Canadian Council of Food and Nutrition calls on government and food industry
to step up education on food product labels

TORONTO, Oct. 30 /CNW/ - The Canadian Council of Food and Nutrition (CCFN) today released its 2009 Tracking Nutrition Trends (TNT): 'A 20 Year History' report. A key finding of the report is that food product labels continue to be Canadians' most credible and highly used source of information on food and nutrition. The report also reveals that while food labels are listed as a highly credible source, various statistics suggest that Canadians still don't fully understand the information that is reported on them.

"Based on the findings of this 20 year report, CCFN is calling on government, health associations, the food industry and all health related sectors to step up education of food nutrition labelling to help all Canadians have a better understanding of what their food contains," says Francy Pillo-Blocka, President and CEO of the Canadian Council of Food and Nutrition.

CCFN has been tracking various trends of sources of nutrition information for the past 20 years and product labels have consistently been rated as the number one source. In 2008, 68 per cent of Canadians reported product labels as their prime source of nutrition information, followed by the internet at 51 per cent and magazines, newspapers and books at 46 per cent.

"Canadian food labels were developed with a large number of stakeholders to ensure information is presented fully and clearly to consumers," says Pillo-Blocka. "The food labels have been well received by Canadians and now the next step is to help us better understand all of the valuable information on the label."

The report shows that Canadians tend to focus on specific information when looking at food product labels. In 2008, ingredients (80 per cent), best before date (74 per cent) and nutrition facts tables (71 per cent) were the information that consumers consulted the most.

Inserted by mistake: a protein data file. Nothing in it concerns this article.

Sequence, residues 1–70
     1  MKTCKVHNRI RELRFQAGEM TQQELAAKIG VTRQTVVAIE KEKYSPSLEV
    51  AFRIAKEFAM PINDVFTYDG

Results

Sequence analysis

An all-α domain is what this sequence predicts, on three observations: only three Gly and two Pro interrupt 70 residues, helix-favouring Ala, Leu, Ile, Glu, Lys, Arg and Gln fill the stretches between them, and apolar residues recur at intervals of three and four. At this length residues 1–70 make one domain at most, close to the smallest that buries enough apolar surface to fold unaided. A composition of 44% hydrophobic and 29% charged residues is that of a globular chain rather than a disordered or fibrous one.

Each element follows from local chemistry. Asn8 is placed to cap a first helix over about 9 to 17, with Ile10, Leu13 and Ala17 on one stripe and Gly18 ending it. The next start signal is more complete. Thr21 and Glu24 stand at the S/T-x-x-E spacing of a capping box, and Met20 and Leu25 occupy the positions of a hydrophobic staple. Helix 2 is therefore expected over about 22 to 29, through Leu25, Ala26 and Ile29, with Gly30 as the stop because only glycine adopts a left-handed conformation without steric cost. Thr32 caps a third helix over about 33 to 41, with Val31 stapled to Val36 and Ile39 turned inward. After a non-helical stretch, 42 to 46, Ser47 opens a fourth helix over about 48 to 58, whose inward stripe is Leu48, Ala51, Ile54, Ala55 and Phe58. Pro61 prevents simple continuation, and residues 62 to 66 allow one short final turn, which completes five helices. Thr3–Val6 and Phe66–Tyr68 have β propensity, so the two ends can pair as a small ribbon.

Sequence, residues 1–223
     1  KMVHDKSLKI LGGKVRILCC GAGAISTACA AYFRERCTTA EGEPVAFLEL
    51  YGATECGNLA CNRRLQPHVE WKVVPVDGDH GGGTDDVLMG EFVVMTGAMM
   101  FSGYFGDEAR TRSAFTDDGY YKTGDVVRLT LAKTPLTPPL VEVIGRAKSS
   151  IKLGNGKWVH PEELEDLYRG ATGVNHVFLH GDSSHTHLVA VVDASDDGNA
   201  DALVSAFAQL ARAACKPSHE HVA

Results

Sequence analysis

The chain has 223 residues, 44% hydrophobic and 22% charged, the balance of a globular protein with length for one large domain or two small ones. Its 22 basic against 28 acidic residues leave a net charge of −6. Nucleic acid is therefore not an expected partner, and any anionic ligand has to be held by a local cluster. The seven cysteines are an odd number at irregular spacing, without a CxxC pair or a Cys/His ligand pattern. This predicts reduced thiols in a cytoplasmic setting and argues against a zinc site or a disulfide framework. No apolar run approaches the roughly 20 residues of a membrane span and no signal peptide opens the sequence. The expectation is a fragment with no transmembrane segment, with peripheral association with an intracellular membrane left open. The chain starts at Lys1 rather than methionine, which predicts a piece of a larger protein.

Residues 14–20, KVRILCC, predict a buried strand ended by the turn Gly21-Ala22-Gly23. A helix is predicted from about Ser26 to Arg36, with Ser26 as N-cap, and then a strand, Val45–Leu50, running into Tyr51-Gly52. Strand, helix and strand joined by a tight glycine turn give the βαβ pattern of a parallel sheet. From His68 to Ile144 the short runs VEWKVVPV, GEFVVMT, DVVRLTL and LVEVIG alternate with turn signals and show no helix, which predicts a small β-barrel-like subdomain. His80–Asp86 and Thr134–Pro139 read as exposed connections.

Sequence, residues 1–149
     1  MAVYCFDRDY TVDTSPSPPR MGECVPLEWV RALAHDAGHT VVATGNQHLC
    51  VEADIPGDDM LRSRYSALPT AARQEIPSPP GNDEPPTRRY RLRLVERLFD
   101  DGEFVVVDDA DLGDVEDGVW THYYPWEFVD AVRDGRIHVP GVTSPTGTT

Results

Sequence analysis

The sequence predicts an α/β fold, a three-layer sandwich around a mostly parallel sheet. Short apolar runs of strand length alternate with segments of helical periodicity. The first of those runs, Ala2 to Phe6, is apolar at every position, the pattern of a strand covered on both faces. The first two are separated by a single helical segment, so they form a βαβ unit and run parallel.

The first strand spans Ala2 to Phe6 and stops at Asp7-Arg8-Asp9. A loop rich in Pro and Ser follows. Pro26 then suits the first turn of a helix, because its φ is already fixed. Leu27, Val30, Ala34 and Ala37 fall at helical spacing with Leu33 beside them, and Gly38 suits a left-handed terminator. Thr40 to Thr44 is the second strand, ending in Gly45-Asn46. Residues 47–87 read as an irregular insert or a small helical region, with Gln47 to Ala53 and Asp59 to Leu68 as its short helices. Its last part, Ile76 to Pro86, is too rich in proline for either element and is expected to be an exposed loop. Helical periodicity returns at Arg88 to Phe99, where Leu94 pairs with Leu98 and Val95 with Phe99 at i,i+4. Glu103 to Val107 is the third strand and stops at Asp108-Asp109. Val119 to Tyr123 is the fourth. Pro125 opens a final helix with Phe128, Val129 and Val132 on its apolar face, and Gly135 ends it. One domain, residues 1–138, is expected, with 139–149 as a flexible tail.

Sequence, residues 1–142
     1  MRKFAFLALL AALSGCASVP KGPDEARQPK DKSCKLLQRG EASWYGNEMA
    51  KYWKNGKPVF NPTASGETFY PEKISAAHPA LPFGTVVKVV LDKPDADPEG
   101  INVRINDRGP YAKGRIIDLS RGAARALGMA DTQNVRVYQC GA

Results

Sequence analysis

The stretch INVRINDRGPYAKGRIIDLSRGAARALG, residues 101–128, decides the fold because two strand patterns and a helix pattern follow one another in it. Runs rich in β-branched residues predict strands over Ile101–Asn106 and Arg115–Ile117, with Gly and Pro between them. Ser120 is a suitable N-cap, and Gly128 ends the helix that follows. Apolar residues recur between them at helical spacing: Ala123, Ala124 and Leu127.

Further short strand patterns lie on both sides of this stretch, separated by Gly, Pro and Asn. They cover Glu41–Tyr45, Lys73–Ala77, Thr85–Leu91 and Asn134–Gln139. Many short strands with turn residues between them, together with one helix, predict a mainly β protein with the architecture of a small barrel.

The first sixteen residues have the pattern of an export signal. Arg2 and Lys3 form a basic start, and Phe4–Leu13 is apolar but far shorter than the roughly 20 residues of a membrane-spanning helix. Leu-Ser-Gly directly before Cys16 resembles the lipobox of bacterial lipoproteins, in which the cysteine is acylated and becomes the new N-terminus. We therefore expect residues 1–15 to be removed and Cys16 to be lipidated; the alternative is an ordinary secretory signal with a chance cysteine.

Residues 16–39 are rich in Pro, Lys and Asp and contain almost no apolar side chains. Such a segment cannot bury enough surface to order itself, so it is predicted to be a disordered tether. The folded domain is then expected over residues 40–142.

While the TNT report shows that consumers trust and actively use the information to stay healthy, current statistics on Canadians obesity and other health related issues have reached epidemic proportion. This suggests that consumers still need to have a better understanding of how to use the information on food product labels for improved health.

    
    About the Canadian Council of Food and Nutrition
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The Canadian Council of Food and Nutrition (CCFN) is a leading, non-profit organization that champions evidence-based solutions and advocates for policy change on key nutritional issues affecting all Canadians. CCFN works to promote public understanding of food and nutrition issues including childhood obesity prevention, food surveillance, food labelling, sodium, vitamin D, and trans fat and more. CCFN was formed in 2004 out of a merger of the National Institute of Nutrition and the Canadian Food Information Council. For more information, visit www.ccfn.ca.

SOURCE CANADIAN COUNCIL OF FOOD AND NUTRITION

For further information: For further information: Stacy O'Rourke, Jason Squire, Trillium Corporate Communications Inc., (416) 322-3030 ext 239, 227, stacy@trilliumpr.com, jason@trilliumpr.com

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CANADIAN COUNCIL OF FOOD AND NUTRITION

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